the Greek ζῷον λόγον ἔχον, but rather a metaphysical interpretation of it. This essential definition of the human being is [154 {GA 9 322}] not false. But it is conditioned by metaphysics. The essential provenance of metaphysics, and not just its limits, became questionable in Being and Time. What is questionable is above all commended to thinking as what is to be thought, but not at all left to the gnawing doubts of an empty skepticism.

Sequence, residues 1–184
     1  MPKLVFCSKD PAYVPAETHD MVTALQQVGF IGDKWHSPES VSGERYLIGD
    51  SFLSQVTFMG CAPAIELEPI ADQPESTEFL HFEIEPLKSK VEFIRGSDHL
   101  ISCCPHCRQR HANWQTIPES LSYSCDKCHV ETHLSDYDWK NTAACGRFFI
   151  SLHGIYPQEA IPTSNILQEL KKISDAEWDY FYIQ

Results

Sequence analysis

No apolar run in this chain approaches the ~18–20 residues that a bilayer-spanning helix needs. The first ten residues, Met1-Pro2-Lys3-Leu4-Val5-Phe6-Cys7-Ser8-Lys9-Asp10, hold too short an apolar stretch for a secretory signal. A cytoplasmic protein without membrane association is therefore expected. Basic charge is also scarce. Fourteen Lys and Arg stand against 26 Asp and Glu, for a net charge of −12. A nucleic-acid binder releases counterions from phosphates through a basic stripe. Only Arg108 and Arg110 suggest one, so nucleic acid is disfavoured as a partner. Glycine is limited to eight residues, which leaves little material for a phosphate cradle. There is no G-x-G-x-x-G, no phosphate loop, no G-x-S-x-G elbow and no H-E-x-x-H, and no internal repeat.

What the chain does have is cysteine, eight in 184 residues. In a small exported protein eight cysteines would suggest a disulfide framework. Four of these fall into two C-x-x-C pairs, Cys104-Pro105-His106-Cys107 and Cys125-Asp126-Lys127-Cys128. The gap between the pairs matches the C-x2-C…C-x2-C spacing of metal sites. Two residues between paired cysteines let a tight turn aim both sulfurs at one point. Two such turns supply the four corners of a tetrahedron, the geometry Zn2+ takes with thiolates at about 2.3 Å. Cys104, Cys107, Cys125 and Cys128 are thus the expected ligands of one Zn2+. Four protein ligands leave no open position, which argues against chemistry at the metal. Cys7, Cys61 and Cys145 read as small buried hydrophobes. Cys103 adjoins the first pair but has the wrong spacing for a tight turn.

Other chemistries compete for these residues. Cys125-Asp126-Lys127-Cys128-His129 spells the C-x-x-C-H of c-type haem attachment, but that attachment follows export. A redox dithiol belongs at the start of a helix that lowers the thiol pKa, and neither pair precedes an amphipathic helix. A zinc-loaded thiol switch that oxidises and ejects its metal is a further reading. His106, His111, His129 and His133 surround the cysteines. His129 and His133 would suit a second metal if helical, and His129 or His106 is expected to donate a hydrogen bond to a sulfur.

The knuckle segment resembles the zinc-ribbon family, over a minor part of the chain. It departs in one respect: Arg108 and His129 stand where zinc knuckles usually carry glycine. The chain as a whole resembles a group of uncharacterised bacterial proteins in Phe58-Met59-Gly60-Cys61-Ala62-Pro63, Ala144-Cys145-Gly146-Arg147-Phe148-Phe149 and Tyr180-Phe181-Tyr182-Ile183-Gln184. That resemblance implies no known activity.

Metaphysics does indeed represent beings in their being, and so it also4 thinks the being of beings. But it does not think being as such,5 does not think the difference between being and beings. (Cf. "On the Essence of Ground" [1929], p. 8; also Kant and the Problem of Metaphysics [1929], p. 225; and Being and Time, p. 230.) Metaphysics does not ask about the truth of being itself. Nor does it therefore ask in what way the essence of the human being belongs to the truth of being. Metaphysics has not only failed up to now to ask this question, the question is inaccessible to metaphysics as such. Being is still waiting for the time when It itself will become thought-provoking to the human being. With regard to the definition of the essence of the human being, however one may determine the ratio of the animal and the reason of the living being, whether as a "faculty of principles" or a "faculty of categories" or in some other way, the essence of reason is always and in each case grounded in this: for every apprehending of beings in their being, being in each case6 is already cleared, it is7 propriated in its truth. So too with animal, ζῷον, an interpretation of "life" is already posited that necessarily lies in an interpretation of beings as ζωή and φύσις, within which what is living appears. Above and beyond everything else, however, it finally remains to ask8 whether the essence of the human being primordially and most decisively lies in the dimension of animalitas at all. Are we really on the right track toward the essence of the human being as long as we set him off as one living creature among others in contrast to plants, beasts, and God? We can proceed in that way; we can in such fashion locate the human being among beings as one being among others. We will thereby always be able to state something correct about the human being. [155 {GA 9 323}] But we must be clear on this point, that when we do this we abandon the human being to the essential realm of animalitas even if we do not equate him with beasts but attribute a specific difference to him. In principle we are still thinking of homo animalis — even when anima [soul) is posited as animus sive mens [spirit or mind], and this in rum is later posited as subject, person, or spirit. Such positing is the manner of metaphysics. But then the essence of the human being is too little heeded and not thought in its origin, the essential provenance that is always the essential future for historical mankind. Metaphysics thinks of the human